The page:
Bourse Weekly Review – Will a RFHL Dividend Cut affect CIF, NIF?
· Dividends: Interim 2020 $0.21, Interim 2019 $0.33, 36% lower.
· Performance Drivers:
o Lower RFHL Profit
o Reduced Dividend Income
o NAV stability due to RFHL market pricing
o Likely Lower Dividend Payment
· Rating: Maintained at BUY.
· Dividend Income: HY 2019 $137.1M, HY 2020 $30.9M, 77.4% lower
· Performance Drivers:
o Decline in Dividend Payments – RFHL
o Adverse Economic Conditions, altering dividend payment abilities of underlying companies
o Lower Dividend Income
o Increased Reliance on TGU Dividend Payment
o Potential dependence on sinking fund.
o Over collateralized by 2.4X
This week, we at Bourse evaluate the impact of potentially lower dividend payments by Republic Financial Holdings Limited (RFHL) on two related investments; the CLICO Investment Fund (CIF) and the National Investment Fund (NIF) series of bonds. With both the NIF and CIF dependent on RFHL dividend payments to service coupon payments and pay distributions respectively, continued lower RFHL dividends could affect investor confidence in the associated investments.
The RFHL-CIF-NIF Relationship
The CIF and NIF are significant shareholders of RFHL. Since its formation in 2012, the CIF has held 40,072,299 RFHL shares representing approximately 24.6% of RHFL’s total shares outstanding. In similar fashion, the NIF holds 42,465,352 million shares of RFHL as part of a portfolio of securities. The portfolio is intended to (i) collateralize TT$4 billion of bonds issued in August 2018 across three series (A to C) and (ii) generate cash flows sufficient to service the bonds’ coupon payments and most/all eventual principal repayment. Collectively, the CIF and NIF account for 50.6% of RHFL’s shareholding.
Dividends Cut Across All Sectors
The cut in dividends experienced by RFHL shareholders is not unique. Significant initial uncertainty and subsequent reduced economic activity have resulted in many companies reducing or temporarily eliminating dividends in 2020 thus far. A simplified look at the 1st Tier market of the Trinidad & Tobago Stock Exchange (TTSE) highlights the cautious approach adopted by most publicly listed companies. An investor holding one of each share listed on the 1st Tier would have received $10.98 in dividends as at the end of October 2020. This was 42.1% lower than the $18.96 paid during the comparable period in 2019.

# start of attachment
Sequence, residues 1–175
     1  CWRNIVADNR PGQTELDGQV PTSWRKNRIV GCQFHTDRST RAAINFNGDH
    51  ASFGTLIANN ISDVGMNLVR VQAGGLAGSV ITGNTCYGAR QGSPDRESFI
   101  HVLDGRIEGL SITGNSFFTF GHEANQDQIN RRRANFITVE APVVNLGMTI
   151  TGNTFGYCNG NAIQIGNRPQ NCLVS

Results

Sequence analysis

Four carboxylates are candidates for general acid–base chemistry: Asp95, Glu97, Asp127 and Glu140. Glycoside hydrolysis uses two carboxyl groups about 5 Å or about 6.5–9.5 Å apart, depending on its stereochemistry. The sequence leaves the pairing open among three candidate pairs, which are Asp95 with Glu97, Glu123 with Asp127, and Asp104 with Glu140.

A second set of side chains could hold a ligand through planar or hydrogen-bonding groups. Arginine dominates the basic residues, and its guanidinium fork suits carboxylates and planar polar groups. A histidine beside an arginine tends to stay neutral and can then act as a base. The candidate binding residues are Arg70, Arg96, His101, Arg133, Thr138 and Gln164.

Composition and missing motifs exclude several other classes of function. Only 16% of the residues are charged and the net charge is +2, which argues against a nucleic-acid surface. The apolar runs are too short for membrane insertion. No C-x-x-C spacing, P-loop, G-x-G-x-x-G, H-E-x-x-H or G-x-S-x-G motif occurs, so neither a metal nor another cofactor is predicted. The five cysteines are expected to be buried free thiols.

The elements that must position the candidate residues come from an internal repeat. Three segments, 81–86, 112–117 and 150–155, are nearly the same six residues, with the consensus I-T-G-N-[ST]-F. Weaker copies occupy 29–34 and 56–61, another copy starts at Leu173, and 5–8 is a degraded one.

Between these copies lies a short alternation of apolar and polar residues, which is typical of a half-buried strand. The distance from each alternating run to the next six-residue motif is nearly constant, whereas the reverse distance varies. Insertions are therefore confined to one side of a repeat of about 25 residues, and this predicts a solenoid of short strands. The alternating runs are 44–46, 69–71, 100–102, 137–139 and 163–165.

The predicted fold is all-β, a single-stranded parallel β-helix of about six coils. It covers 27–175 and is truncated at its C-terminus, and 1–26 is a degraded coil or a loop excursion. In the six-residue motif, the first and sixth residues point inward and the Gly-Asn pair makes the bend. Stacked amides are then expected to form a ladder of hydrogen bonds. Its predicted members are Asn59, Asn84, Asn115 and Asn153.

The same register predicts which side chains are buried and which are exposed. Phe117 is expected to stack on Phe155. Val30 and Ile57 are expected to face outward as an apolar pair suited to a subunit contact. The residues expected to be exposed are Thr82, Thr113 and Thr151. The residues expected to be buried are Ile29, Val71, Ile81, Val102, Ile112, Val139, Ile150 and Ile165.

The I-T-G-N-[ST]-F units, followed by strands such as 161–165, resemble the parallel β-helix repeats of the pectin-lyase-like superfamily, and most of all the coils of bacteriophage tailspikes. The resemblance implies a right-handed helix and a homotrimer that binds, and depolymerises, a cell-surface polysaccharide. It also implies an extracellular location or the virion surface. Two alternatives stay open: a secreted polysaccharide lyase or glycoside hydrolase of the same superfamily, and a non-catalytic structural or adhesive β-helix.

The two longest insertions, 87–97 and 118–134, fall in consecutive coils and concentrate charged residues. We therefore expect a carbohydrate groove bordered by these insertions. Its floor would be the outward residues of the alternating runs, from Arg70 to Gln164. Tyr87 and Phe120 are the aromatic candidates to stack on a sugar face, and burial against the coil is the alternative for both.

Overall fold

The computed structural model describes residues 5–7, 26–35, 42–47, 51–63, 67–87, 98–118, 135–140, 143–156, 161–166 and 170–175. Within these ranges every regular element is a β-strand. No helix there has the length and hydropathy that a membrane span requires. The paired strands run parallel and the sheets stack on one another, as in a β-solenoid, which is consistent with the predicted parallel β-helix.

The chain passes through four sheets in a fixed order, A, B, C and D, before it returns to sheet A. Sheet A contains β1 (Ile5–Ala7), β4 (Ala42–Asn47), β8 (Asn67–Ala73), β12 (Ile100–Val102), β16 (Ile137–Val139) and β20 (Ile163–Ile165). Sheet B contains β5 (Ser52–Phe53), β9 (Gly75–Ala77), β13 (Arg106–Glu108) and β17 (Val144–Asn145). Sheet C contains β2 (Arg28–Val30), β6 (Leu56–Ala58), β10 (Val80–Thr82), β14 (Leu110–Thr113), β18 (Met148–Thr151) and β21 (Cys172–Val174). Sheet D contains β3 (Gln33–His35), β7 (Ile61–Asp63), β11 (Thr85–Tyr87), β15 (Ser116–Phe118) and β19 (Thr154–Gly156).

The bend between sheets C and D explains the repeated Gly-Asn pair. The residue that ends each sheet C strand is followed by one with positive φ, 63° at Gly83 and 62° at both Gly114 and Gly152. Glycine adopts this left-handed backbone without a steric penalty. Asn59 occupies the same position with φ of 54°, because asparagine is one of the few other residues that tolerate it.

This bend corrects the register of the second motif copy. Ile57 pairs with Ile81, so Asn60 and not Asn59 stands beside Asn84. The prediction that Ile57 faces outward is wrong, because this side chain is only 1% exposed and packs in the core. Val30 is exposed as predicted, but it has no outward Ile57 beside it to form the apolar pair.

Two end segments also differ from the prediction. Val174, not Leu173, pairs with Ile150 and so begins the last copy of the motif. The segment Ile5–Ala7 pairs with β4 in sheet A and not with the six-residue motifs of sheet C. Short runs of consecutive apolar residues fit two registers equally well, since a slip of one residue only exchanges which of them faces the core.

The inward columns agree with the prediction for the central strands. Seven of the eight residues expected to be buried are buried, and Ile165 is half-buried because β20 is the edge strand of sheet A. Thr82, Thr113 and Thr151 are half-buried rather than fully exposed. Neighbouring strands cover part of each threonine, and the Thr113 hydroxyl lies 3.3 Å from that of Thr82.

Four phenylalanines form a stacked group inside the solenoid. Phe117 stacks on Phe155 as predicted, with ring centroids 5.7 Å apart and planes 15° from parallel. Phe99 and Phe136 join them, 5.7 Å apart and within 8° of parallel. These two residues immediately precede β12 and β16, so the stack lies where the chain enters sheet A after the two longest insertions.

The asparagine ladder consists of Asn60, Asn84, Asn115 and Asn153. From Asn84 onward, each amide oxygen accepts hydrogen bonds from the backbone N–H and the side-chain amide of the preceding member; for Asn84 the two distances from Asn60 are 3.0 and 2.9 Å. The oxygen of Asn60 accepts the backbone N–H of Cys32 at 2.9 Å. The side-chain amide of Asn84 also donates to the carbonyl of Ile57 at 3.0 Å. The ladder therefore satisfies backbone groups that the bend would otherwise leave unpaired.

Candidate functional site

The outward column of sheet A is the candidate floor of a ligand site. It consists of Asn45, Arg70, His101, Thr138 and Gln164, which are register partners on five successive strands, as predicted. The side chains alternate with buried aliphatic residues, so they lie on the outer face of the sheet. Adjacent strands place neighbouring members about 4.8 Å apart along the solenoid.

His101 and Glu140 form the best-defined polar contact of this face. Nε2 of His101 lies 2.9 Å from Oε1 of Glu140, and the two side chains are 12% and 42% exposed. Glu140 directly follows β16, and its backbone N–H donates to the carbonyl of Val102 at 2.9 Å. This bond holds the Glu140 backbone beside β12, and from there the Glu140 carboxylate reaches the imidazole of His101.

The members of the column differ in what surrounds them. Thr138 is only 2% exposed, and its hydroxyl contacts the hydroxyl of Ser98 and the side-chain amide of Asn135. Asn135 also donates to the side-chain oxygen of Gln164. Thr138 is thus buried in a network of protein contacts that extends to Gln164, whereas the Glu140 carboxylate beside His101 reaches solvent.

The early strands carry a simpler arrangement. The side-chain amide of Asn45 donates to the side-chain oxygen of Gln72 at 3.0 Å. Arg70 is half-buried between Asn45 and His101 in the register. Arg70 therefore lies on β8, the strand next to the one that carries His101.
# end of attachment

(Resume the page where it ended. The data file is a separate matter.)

RFHL Dividend Dips
RFHL’s interim dividend payment in May 2020 was cut by 52% from its prior level of $1.25 to $0.60 per share. The move was as a result of a 30.8% Year on Year (YoY) decrease in its Earning Per Share at the half-year mark. In its most recently released financials (9M 2020), RFHL reported an EPS of $4.75, 37.4% lower than prior comparable period. Without any (i) significant improvement in earnings and/or (ii) changes to its usually stable dividend policy (averaging a payout ratio of 58% over 2016-2019), RFHL’s final dividend could also decline. For illustrative purposes, were RFHL’s final dividend payment to be cut by the same proportion as its interim payment, shareholders would receive a dividend of around $1.70. It should be reiterated that several factors, including the aforementioned, would determine the size of RFHL’s final dividend.
Are CIF Dividends at Risk?
For the 2019 financial year, an estimated 86.7% of dividends paid by CIF were attributable to dividends received from its shares in RFHL. Understandably, changes to RFHL dividend payments would affect CIF dividends to its unitholders. RFHL’s interim dividend reduction ultimately resulted in CIF’s interim payment to unitholders being cut to $0.21, 36% lower than the $0.33 previously paid. The anticipated cut in dividends may be one reason for the fall in the price of the CIF, which has declined 11.6% year-to-date. In contrast, RFHL shares – which account for approximately 90.1% of CIF’s Net Asset Value – have advanced 8.2% YTD. To put into context, the TT Composite Index has declined 10.9%, suggesting investors remain confident in RFHL’s longer-term prospects.